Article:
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Development of Indian tourism in India


There was a time when...


My first trips to India date back to when I was a child. I was ten and a half years old, international tourism was spreading through documentaries/conferences of "Connaissances du Monde", in some dark rooms of the suburbs of big cities. Among the audience, a few discovery enthusiasts dared to take the plunge, buy a ticket, and leave for these then little-known distant lands.


My parents decided to start their peregrinations with India. I remember that the tourist sites were rather deserted on the whole, populated by the visiting international population. We were then in the 70s.


In the 2000's, while spending a year in India, I noticed the beginning of a craze for tourism on the part of Indians.


Today, we are in 2023 as I write these lines, in post-covid.

And we have to admit that Indian tourism is literally exploding.



The numbers


In 2021, India's domestic tourism increased by 11.05% from 610.21 million to 677.63 million visitors!

The top states in terms of domestic visits were Tamil Nadu with 115.33 million, Uttar Pradesh with 109.70 million, Andhra Pradesh with 93.27 million and Karnataka with 81.33 million



Example of infrastructures to be rethought


At the end of 2022, we organized a pilgrimage trip in the footsteps of the Buddha and it is with astonishment and questioning that I noticed that this booming tourism is about to overflow.


Overflowing because the infrastructures cannot assume a sudden massive flow. Quite simply.


Let's take an example and go to the Vulture Peak in Rajgir. The place is famous because it is here that the Buddha pronounced his teaching on the Prajnaparamita through the Heart Sutra, one of the most famous texts of the Buddhist literature.


A first chairlift was inaugurated in 1969 but this 1 km long installation only offered seats that could accommodate one person at a time...

It was therefore urgent to do something and in 2021 an 8-seater gondola lift was inaugurated next to it, transporting pilgrims and the curious over a difference in altitude of about 400 meters.

An investment of 19 crores i.e. about 2.2 million euros from the Railway India Technical and Economic Services Ltd (RITES), requested for this installation.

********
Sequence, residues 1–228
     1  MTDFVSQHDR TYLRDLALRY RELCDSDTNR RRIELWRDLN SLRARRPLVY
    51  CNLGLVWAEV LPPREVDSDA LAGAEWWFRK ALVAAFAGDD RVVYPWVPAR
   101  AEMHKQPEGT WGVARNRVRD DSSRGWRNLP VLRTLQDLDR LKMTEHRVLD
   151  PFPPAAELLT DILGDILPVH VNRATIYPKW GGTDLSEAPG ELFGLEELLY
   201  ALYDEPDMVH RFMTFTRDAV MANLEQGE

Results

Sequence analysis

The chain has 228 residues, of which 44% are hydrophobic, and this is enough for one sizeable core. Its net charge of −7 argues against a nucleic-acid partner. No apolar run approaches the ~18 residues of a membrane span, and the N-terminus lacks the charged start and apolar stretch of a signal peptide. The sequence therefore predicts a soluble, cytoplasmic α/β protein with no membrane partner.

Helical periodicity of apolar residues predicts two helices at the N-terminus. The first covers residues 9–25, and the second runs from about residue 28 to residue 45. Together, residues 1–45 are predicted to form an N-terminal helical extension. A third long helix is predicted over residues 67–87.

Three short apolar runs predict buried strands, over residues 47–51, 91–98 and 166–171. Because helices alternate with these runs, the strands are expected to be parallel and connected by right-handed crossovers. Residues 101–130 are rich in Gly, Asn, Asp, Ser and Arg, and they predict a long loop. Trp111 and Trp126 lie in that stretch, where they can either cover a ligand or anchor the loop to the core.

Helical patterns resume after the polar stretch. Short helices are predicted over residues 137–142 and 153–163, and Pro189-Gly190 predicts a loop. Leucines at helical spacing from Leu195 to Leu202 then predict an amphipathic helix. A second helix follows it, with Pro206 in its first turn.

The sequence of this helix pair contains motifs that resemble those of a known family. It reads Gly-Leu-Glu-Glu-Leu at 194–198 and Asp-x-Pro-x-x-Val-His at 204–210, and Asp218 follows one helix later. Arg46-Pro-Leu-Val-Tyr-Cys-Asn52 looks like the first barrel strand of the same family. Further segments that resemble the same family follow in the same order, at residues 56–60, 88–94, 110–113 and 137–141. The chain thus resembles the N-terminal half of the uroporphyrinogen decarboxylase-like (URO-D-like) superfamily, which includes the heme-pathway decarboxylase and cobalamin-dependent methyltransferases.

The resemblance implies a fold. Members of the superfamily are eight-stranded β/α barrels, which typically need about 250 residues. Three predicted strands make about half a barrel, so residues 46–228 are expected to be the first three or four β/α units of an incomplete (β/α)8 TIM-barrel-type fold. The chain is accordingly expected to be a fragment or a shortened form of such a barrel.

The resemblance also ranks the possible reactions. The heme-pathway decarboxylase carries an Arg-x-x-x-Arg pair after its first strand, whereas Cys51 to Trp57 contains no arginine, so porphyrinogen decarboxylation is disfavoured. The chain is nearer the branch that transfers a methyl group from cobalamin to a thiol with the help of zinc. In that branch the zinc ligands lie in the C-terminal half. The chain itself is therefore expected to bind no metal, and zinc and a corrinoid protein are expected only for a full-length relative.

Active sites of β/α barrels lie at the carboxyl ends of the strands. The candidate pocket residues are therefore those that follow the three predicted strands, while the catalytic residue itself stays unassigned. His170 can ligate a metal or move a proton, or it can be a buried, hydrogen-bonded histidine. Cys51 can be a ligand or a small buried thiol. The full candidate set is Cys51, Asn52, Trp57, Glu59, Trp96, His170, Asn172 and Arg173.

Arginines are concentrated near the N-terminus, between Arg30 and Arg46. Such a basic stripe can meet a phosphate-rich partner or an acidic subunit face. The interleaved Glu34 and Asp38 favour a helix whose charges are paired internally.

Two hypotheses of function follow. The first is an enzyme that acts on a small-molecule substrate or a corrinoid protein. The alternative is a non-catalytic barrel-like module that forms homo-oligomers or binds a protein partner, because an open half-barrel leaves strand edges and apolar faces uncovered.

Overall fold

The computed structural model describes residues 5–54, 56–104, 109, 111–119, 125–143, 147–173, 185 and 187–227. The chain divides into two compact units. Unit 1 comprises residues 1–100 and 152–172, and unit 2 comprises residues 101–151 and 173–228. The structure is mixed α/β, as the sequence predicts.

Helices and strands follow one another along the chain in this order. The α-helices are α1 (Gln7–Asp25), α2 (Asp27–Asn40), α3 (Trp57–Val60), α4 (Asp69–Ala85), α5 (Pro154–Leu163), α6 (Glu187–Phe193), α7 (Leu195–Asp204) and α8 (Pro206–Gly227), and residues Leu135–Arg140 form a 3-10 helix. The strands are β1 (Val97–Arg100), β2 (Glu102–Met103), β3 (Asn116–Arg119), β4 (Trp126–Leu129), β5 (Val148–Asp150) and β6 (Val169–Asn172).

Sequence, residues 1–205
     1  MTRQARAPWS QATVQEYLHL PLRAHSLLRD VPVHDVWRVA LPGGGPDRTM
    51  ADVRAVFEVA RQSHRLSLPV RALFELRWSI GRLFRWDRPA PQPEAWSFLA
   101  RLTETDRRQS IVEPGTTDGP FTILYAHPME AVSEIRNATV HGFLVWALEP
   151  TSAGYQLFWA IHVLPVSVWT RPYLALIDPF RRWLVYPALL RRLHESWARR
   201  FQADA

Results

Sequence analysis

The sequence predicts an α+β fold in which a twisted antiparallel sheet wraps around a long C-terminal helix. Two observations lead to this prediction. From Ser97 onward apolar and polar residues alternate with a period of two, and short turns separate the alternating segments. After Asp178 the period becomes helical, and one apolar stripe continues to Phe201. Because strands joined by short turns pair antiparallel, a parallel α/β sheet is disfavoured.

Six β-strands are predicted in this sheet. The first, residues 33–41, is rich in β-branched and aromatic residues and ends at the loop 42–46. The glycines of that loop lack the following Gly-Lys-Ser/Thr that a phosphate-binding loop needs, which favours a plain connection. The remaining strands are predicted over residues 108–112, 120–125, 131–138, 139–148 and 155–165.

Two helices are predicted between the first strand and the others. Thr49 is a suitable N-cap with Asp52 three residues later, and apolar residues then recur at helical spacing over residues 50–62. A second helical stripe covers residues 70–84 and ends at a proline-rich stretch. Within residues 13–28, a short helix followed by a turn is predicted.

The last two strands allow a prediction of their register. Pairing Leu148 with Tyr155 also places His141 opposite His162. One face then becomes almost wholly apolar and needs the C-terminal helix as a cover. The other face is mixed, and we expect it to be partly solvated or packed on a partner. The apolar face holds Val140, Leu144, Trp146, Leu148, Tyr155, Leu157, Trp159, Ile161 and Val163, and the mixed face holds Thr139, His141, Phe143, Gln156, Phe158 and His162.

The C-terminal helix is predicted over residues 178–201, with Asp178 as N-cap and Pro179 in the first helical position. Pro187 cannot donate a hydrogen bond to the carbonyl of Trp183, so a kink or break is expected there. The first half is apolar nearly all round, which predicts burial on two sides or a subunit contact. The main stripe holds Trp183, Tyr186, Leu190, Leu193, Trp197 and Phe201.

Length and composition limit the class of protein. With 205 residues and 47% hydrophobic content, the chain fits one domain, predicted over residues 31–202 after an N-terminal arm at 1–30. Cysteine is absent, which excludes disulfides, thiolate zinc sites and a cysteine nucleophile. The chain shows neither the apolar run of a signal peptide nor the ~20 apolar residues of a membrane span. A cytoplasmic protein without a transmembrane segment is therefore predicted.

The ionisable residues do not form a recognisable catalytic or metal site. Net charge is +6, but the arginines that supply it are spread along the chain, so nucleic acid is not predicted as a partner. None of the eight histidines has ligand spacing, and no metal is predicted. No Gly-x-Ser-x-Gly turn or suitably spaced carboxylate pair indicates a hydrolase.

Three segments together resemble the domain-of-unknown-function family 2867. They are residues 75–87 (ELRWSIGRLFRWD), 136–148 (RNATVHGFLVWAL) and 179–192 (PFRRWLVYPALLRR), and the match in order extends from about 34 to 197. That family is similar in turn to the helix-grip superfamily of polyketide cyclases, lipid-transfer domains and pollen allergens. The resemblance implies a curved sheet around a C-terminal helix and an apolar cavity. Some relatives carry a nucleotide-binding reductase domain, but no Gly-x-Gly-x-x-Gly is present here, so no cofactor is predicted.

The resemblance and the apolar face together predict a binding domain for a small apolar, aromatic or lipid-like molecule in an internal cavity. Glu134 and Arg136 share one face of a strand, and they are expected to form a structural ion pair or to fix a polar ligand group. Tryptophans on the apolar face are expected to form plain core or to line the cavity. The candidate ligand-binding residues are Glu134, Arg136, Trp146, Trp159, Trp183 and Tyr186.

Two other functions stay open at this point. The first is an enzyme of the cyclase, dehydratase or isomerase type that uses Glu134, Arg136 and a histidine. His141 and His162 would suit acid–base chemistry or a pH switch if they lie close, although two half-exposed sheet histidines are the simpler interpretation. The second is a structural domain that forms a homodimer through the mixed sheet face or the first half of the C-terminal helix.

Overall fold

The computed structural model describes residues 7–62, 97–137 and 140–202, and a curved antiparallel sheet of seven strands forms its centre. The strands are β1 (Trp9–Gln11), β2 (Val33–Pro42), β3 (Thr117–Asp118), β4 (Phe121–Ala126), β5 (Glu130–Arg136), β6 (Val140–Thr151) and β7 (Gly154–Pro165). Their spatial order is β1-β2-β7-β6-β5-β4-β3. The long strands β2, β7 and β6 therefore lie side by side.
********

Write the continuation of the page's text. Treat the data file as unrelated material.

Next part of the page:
The old chairlift with its 101 individual seats, the oldest chairlift in India, will obtain the title of national heritage.




So what about it?


Let's be honest. It is already "has been". Yes, I know my words are harsh but what can we say about a facility that is already overused and for which the pilgrim or tourist has to queue for two hours only one and a half years after its opening...


Once there, the site is overcrowded. There is not a single wall left free to sit, the stairs that wind between the stands of the temple merchants are overcrowded with a crowd that is hurrying and hurrying, the beautiful white stupa taken by storm by curious people turning in all directions, twirling in search of the best selfie or the best break ...


Fortunately, for the Buddhist practitioner who comes, as it is the case for us, in order to connect to the teaching of the Buddha, the site for that, this particular place where the Buddha taught, is fortunately away, not indicated, so the crowd does not venture there and the site remains authentic, allowing meditation.


But what about the years to come?

11% growth in 2021.

The figures for 2022 are not out yet.

What about the figures for 2023, 2024, 2025?


In Agra, tourists make ridiculous pauses pinching the Taj Mahal with their fingers...

In Lumbini, we saw the sign indicating that it was forbidden to make "tik tok"! a sign having to be installed in order to put an end to deviances...


The government has launched big investments to develop tourism. The highways are digging their way in all directions, razing houses and buildings on their way, which will be the subject of a future article.

Buddhist sites are undertaking a lot of excavation work, which will also be the subject of an article in this blog.


But how to manage this massive influx of tourists?

How to manage the endless queues?

How to manage the amenities such as toilets?

How to manage the waste thrown away?

How to manage future deviances such as graffiti and other fantasies to be validated on the networks?


A lot of questions and worries in front of an explosion which of course brings good since on the other hand, it is not less than 32.1 million jobs which benefited from this tourism in 2021.


It is clear that India has just taken the turn of modernity and that many challenges will arise.


Fortunately, every visitor quickly becomes aware of the exceptional strength of the Indian people in terms of adaptation and capacity for change, so I remain confident that solutions will be found and applied to allow a legitimate development integrating ethics, ecology and logistics.


So hurry up to join us before it is definitly to difficult to visit all these amazing places that India can offer...












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